Accounting Equation

Indian Companies Still Have A Way To Go When It Comes To Portraying Gender In Board Rooms

All around the world, women face many hurdles, including little-to-no representation in decision making positions. Even when they were part of the conversation, the gender biases impacted how their views and contributions were considered. In India, there is a growing change in perspective to include women across all industries, in particular Indian companies.

Positive impact of businesswomen in corporate boardrooms

There’s no doubt that more women are ascending the corporate ladder. In 2017, for the first time, more women held board seats than men in the S&P 500 index – although there is still a long way to go. According to Catalyst, just 26% of all directors on Fortune 500 boards are women. Many businesses would do well to consider the positive impact that female executives have on business performance.

The McKinsey Quarterly report “The Power of Female Directors” found that companies with female directors perform better overall, across industries and geographies. For example, they have higher returns on equity and lower risk scores. In addition, they have a better gender balance in their executive teams, which leads to better decision making and fosters innovation. And finally, they operate with a higher moral authority because their employees see them as role models.

Indian companies could benefit hugely from tapping into this positive impact by appointing more women to their boards and offering mentorship programs for young female entrepreneurs. With a diverse range of experiences at their disposal, female directors can offer unique perspectives and insights that will be beneficial for the company. Furthermore, promoting gender diversity in the workplace encourages equal opportunity and

Women’s achievements being imitated by men

When Satyajit Guha started his career as a lawyer in the early 1990s, it was difficult to find female lawyers in India. Today, the situation has improved substantially and there are now plenty of female lawyers practicing law in India. The women’s achievement is now being imitated by men. This was especially evident when Mr. Guha presided over a legal workshop on women and entrepreneurship organised jointly by Nalco and the Indian Merchants Chamber (IMC) last year. When he addressed the participants, he said that while women had made great achievements in various walks of life, they were not yet represented equally at the top levels in business.

Men still dominate certain boards

Indian companies still have a way to go when it comes to portraying gender in board rooms, according to a report. The study found that women occupy just 17% of seats on the boards of India’s leading firms, although they hold half of the country’s workforce.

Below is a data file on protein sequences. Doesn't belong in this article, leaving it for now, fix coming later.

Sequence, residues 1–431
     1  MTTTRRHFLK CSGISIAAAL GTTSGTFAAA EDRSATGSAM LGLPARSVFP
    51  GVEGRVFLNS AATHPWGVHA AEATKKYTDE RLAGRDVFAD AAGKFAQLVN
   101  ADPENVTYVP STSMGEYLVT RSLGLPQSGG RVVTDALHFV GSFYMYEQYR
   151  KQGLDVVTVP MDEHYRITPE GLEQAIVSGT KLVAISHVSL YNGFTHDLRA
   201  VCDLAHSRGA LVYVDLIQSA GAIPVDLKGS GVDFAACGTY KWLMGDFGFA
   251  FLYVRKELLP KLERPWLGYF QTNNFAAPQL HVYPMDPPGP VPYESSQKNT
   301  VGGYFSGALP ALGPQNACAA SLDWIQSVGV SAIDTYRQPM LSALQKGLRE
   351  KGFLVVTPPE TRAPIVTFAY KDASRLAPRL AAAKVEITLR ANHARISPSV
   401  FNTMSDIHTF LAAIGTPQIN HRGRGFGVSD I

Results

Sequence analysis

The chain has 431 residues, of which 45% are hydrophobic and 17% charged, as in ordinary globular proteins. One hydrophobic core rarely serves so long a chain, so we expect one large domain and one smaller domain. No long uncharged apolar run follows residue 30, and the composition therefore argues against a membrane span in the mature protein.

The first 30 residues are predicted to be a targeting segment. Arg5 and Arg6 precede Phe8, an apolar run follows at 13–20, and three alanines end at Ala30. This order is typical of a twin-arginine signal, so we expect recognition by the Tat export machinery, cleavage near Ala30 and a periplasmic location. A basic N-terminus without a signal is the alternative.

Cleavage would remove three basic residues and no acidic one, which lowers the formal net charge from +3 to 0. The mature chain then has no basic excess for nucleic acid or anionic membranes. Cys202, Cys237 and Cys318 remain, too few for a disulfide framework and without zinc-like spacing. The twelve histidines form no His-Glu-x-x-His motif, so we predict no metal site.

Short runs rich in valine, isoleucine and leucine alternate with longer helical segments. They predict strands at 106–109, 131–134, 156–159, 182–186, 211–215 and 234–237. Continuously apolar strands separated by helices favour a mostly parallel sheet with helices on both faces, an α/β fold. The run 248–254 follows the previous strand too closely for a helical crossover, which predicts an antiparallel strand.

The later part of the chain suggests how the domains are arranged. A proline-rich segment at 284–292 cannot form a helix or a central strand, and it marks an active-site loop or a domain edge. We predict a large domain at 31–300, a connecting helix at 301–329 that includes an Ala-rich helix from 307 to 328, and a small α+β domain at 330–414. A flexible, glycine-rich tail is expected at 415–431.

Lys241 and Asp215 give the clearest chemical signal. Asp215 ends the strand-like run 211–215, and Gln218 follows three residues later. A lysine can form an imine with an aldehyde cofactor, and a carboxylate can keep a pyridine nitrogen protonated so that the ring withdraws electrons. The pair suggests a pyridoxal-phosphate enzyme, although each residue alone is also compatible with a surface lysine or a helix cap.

The lack of diversity at senior levels is hampering the country’s economic growth and could hinder the country’s goal to become a global player, the report said. “There is no room for complacency. While there has been progress over the years, much more needs to be done if India is going to meet its ambitious target of becoming a $10 trillion economy by 2024,” said Radhikauri Sundararaman, an economist at Hindustan Unilever Ltd. (HUL) and one of the report’s authors. “This includes looking beyond macroeconomic indicators like GDP growth rates to understand how businesses are performing and what areas need attention.”

A lack of female representation on corporate boards can impede decision-making and hamper innovation, the report said. Women bring different experiences and perspectives that can help companies better understand customer needs and develop new products, it added. “Many Despite these disparities, there are several ways Indian companies can improve their gender representation on corporate boards. In India, for example, women make up 51 percent of the workforce, and they hold nearly half of all managerial positions. Thus, Indian companies are well positioned to identify and appoint more female board members. Moreover, Indian businesses should encourage and empower women employees to participate in the decision-making process by creating platforms that allow them to share their ideas and experiences.

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